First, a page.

11. Whether the services rendered are usually done under the supervision and/or direction of the employer in a specific geographic location/work area, or whether such services are usually done by others without such control and direction;
  12. The length of time anticipated for the performance of the services (hours, days, weeks, months, or longer) to complete the job;
  13. Whether the entity for which services are to be performed is a profit-seeking business; and
  14. Such other factors as may be reasonably considered in determining whether the entity for which the services are being performed controls, or has the right to control means and methods of the entity performing the services.

Social Legislation and Its Applicability to Being Deemed an Employee vs. Independent Contractor Classification

Social legislation is an ambiguous term. It is seldom defined when used. The reason for this lack of precise definition is because social legislation laws are a collective body of law (not a single law, per se) that seeks to promote the common good generally by protecting, assisting, and subsidizing a defined class of individuals considered to be in need of assistance in the employment world.

NJ appears to define an employee vs. independent contractor somewhat differently depending on what law is being cited and/or how the employee vs. independent contractor relationship is impacted by that law. One published case defined an employee one way when the case was brought under the Conscientious Employee Protection Act, yet the New Jersey Supreme Court addressed the proper analysis for determining who is an employee vs. an independent contractor another way under the New Jersey Unemployment Compensation Law and was the N.J. Wage Statute.

The court relied upon the ABC test to justify its ruling. Under the ABC test, an individual is presumed to be an employee, unless it can be shown that all of the following are true:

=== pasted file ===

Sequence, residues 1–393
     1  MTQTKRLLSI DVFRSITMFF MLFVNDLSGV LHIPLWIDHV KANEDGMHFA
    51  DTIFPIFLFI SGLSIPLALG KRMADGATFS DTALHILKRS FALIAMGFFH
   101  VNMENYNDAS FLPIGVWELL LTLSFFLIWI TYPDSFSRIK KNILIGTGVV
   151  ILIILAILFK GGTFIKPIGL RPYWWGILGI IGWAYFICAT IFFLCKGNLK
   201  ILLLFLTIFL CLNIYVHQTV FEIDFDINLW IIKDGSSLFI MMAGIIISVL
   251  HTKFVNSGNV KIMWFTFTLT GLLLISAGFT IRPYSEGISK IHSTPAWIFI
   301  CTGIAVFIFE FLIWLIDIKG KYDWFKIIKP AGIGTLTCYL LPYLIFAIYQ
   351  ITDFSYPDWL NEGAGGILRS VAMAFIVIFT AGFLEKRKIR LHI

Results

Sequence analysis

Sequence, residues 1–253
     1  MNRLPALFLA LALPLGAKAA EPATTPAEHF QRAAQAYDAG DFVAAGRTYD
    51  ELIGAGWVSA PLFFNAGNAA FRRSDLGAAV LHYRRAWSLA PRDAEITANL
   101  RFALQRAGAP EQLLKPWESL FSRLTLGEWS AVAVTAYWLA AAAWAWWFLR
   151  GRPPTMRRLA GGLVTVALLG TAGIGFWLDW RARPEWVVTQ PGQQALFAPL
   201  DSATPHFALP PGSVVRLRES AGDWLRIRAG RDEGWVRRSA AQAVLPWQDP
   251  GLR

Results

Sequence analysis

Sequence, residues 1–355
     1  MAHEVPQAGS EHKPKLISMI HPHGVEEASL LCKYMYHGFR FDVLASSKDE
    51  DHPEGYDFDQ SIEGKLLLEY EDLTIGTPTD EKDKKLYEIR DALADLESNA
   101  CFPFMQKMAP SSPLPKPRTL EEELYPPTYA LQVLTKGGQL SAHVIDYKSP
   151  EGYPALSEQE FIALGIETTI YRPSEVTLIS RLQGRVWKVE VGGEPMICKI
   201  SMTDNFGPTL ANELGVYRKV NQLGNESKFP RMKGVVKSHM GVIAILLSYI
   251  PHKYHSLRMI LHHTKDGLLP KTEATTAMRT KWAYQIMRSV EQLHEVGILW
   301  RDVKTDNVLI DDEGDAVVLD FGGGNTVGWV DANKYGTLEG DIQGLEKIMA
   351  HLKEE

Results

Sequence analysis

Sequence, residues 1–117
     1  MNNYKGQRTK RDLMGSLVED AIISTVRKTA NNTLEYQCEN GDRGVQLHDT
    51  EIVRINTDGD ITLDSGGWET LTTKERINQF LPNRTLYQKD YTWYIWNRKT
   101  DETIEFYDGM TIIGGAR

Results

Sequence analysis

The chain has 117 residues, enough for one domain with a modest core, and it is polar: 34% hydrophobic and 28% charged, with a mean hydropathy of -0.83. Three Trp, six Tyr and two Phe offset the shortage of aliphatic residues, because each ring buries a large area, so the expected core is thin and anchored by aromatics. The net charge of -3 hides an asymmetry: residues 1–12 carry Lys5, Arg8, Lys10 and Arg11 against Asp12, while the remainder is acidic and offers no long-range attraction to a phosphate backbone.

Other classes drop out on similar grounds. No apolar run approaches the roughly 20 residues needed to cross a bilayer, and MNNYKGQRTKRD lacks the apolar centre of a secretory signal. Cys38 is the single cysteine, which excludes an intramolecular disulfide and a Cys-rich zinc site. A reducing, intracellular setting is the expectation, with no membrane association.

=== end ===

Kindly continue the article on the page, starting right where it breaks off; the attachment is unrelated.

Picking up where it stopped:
(A) The individual has been and will continue to be free from control or direction in the performance of their service(s), both under any contract of service and in the reality of the working relationship; and

(B) The service being performed is either outside the customary scope of the primary business or service being performed, or the service being performed is outside of all the established places of business of the enterprise for which such service is performed; and

(C) Such individual or entity is customarily engaged in an independently established trade, occupation, profession or business.

Like I stated previously, in NJ it is possible to be an employer or employee under one law and eligible or ineligible for the beneficial inclusion or exclusion of a social legislation protection statute.

Understanding whether you are an employee or an independent contractor is a threshold evaluation which should be undertaken by employment counsel whenever an employment related matter is being considered.

Many of the criteria for classifying a person or legal entity is highly fact and case by case sensitive. The analysis at times can be somewhat subjective and the legal outcome of the decision unpredictable. NJ generally tries to force an employer, employee relationship in order to collect more tax and tax-related income.

Are you an employee or an independent contractor? If this page relates to you, please contact Fredrick P. Niemann, Esq. toll-free at (855) 376-5291 or email him at Ask us about our video conferencing or telephone consultations if you are unable to come to our office. Mr. Niemann and Hanlon Niemann & Wright welcomes your inquiries.

Fredrick P. Niemann Esq.






Written by Fredrick P. Niemann, Esq. of Hanlon Niemann & Wright, a New Jersey Employment Law Attorney

NJ Employment Law Attorney serving these New Jersey Counties:

Monmouth County, Ocean County, Essex County, Cape May County, Camden County, Mercer County, Middlesex County,
Bergen County, Morris County, Burlington County, Union County, Somerset County, Hudson County, Passaic County